If your period
Remember it's not unusual for women to stop menstruating
when they're travelling for a long time. If there are
no other symptoms and you have no reason to believe that
you're pregnant, don't worry.
If you're prone to yeast infections, they're more likely
to recur in warm, moist climates. Wearing loose-fitting
cotton underwear and skirts rather than pants may help.
Carry appropriate medication in your first-aid kit; it might
not be available where you're travelling.
|| Bladder problems...
Cystitis is an infection of the urinary tract and bladder.
Drinking a lot of purified water, especially in hotter climates,
may help to reduce your chances of suffering from this problem.
It's definitely inadvisable to have ear-piercing, acupuncture,
tatooing or manicures while you're on the road. Instruments
that are not properly sterilized can carry hepatitis B or
AIDS. If you must have an internal examination, dental work
or injections, contact your government's nearest embassy
or consulate. Officials there can often recommend appropriate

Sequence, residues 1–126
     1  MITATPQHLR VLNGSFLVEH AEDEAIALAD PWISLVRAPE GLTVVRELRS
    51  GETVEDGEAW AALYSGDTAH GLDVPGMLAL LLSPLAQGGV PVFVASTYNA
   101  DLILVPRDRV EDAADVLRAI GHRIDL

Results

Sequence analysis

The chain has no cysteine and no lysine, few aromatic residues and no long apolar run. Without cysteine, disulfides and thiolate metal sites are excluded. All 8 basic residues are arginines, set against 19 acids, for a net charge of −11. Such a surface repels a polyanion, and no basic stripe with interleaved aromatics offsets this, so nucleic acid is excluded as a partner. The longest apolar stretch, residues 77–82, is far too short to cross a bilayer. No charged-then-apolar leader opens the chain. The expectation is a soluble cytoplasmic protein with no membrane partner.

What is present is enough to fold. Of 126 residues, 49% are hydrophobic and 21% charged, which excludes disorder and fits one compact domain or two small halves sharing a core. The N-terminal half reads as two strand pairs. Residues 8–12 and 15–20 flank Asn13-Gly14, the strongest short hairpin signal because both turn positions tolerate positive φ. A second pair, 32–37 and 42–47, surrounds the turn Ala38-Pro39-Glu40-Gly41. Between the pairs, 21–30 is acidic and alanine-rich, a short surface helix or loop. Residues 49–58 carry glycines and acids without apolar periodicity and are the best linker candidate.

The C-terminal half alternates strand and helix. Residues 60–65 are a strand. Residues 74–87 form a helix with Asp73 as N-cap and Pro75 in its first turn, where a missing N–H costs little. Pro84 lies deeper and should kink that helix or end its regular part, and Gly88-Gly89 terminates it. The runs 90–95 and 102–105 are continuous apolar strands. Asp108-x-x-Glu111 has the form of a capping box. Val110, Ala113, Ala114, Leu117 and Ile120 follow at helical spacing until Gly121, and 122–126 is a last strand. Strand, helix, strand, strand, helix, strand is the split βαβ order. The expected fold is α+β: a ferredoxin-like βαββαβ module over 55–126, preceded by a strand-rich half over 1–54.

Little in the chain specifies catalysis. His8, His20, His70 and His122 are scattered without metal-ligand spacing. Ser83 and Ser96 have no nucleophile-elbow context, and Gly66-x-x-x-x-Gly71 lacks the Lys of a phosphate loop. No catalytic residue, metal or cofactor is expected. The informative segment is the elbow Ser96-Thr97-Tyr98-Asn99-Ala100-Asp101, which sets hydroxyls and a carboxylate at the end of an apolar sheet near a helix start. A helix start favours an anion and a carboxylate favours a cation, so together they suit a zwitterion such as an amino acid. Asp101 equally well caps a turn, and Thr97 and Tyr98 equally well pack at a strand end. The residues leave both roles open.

local medical practitioners.
When travelling for extended periods of time, you won't
always be able to eat properly. Consider carrying multi-vitamins
to supplement your diet. If you're pregnant and travelling
in a country where pasteurized milk is not an option, pack
powdered milk. It can easily be sprinkled on any food you
eat. Presto! You've got some more calcium.
Finally, never leave home without adequate travel insurance.
Personalize your policy. Think carefully about the kind
of coverage you need. Are you pregnant? Is this a skiing
holiday? Are you travelling with children? Are you a diabetic?
All of these factors will play an important role in your
choice of policies and they must be considered very carefully.
For example, did you know that many policies don't automatically
cover pregnancy-related conditions or nursery care for